New York City could start shaking any minute now.Won-Young Kim, who runs the seismographic network for the Northeast at Columbia University’s Lamont-Doherty Earth Observatory, said the city is well overdue for a big earthquake.
From Metro New York:
The last big quake to hit New York City was a 5.3-magnitude tremor in 1884 that happened at sea in between Brooklyn and Sandy Hook. While no one was killed, buildings were damaged.
Kim said the city is likely to experience a big earthquake every 100 years or so.
“It can happen anytime soon,” Kim said. “We can expect it any minute, we just don’t know when and where.”
New York has never experienced a magnitude 6 or 7 earthquake, which are the most dangerous. But magnitude 5 quakes could topple brick buildings and chimneys.
Seismologist John Armbruster said a magnitude 5 quake that happened now would be more devastating than the one that happened in 1884.
“Today, with so many more buildings and people … we’d see billions in damage,” Armbruster said. “People would probably be killed.”

Pressure Mounts Against North Korea

  • US ‘ready to respond with rapid, lethal and overwhelming force’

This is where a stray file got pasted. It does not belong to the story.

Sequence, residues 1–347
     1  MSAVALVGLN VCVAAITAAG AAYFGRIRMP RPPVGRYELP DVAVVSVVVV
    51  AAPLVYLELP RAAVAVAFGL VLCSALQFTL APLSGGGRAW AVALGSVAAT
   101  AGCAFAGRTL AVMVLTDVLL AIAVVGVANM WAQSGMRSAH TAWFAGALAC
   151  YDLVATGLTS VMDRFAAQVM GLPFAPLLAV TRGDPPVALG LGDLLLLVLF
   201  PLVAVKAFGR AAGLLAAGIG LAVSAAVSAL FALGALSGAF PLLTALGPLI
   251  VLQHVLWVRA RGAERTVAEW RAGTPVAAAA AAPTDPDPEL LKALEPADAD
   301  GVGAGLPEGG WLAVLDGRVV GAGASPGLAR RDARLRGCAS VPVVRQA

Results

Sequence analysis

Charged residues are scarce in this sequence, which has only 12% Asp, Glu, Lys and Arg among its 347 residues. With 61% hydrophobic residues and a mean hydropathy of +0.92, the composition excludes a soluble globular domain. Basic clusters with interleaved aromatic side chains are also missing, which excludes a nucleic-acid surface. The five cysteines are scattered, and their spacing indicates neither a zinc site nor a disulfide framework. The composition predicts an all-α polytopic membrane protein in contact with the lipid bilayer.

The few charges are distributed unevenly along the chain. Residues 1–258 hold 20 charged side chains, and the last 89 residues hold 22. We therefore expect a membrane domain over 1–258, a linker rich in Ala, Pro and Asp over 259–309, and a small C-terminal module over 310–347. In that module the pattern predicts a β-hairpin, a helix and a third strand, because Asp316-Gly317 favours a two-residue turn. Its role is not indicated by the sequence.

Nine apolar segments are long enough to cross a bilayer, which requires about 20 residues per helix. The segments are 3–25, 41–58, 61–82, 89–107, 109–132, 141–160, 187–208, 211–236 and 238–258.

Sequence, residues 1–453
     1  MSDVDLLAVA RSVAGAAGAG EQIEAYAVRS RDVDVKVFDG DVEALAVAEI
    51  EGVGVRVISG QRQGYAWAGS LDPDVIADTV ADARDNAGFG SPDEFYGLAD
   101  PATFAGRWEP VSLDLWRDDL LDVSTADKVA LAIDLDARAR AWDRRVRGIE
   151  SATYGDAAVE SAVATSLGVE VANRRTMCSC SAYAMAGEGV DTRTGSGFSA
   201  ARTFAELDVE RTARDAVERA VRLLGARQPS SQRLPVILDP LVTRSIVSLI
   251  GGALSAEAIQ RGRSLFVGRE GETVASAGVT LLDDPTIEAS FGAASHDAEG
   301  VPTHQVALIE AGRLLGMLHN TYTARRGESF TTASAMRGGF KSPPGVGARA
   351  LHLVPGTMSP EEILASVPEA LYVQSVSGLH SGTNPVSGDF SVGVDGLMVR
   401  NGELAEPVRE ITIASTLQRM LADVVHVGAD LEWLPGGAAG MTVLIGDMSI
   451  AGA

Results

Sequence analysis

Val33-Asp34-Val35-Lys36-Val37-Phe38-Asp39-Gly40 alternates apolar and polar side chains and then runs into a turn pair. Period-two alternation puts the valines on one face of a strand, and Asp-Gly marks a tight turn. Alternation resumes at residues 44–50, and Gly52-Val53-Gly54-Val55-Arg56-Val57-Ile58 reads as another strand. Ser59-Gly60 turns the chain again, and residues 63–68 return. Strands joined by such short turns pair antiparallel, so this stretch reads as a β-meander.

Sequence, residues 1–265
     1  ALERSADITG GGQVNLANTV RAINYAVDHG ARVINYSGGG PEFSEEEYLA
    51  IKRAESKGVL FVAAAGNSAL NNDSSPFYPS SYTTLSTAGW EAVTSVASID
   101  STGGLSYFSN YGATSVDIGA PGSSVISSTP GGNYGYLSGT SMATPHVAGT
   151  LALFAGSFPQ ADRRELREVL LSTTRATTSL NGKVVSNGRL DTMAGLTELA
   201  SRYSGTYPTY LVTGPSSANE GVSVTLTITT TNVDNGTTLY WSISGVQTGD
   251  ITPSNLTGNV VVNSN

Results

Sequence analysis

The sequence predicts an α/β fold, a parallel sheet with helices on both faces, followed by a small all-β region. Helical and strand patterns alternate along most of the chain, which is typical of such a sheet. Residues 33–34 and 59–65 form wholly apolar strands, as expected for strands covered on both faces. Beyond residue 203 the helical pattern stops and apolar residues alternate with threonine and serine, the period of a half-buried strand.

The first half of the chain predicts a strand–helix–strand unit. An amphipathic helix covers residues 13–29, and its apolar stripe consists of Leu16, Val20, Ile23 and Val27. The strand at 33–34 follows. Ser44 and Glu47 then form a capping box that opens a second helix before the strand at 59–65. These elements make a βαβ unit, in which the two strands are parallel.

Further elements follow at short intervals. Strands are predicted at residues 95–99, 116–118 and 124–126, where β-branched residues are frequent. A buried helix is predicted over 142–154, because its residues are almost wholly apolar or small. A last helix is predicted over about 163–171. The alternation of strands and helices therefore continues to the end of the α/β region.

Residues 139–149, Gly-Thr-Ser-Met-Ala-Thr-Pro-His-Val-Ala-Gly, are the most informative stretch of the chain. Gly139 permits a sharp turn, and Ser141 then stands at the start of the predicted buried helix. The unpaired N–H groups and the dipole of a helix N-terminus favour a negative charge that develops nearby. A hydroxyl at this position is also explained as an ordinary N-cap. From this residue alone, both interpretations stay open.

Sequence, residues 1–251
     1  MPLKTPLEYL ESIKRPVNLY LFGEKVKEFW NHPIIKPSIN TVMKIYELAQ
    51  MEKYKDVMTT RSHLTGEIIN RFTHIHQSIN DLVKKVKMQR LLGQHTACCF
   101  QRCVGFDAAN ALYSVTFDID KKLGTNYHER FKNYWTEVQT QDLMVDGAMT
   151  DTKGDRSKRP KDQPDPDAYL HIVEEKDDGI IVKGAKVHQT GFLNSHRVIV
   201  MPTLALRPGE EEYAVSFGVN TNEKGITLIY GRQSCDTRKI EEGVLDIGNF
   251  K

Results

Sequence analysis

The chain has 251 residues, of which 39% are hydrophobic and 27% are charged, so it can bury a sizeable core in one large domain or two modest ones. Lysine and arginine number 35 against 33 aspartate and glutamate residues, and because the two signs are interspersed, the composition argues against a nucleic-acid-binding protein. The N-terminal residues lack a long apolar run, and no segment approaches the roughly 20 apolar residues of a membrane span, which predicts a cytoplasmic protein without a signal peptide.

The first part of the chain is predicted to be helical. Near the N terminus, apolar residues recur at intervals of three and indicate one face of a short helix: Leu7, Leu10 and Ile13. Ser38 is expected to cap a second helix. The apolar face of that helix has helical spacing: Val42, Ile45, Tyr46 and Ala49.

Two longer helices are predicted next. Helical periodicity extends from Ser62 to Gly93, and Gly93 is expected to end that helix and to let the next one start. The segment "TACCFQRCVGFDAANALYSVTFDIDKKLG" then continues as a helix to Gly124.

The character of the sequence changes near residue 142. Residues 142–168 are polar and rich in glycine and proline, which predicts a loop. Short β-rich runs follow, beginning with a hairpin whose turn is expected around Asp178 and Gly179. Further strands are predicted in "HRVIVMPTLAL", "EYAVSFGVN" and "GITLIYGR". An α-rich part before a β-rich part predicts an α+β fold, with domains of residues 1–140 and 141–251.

• Japan vows to put ‘heaviest possible pressure’ on North
  • China warns launch violates UN Security Council resolutions
  • Trump derides Chinese response in tweets: ‘They do NOTHING for us with North Korea’

The US has flown two bomber jets over the Korean peninsula in a show of force after recent North Korean missile tests, according to a US Air Force statement.
Saturday’s move came after North Korea said it conducted another successful test of an intercontinental ballistic missile (ICBM) on Friday that proved its ability to strike the US mainland, drawing a sharp warning from President Donald Trump.
The flight of B-1B bomber jets was in direct response to the missile test and the previous July 3 launch of the “Hwansong-14” rocket, the US statement said.
The bombers took off from a US airbase in Guam, and were joined by Japanese and South Korean fighter jets during the exercise, according to the statement.
“North Korea remains the most urgent threat to regional stability,” Pacific Air Forces commander General Terrence J. O’Shaughnessy said. “If called upon, we are ready to respond with rapid, lethal, and overwhelming force at a time and place of our choosing”.
The US has in the past used similar flights as a show of force in response to North Korean missile or nuclear tests.

Pyongyang: Entire US in range

The Korean Central News Agency said on Saturday that North Korean leader Kim Jong-un expressed “great satisfaction” after the Hwasong-14 reached a maximum height of 3,725 kilometres and travelled 998 kilometres, before accurately landing in waters off Japan.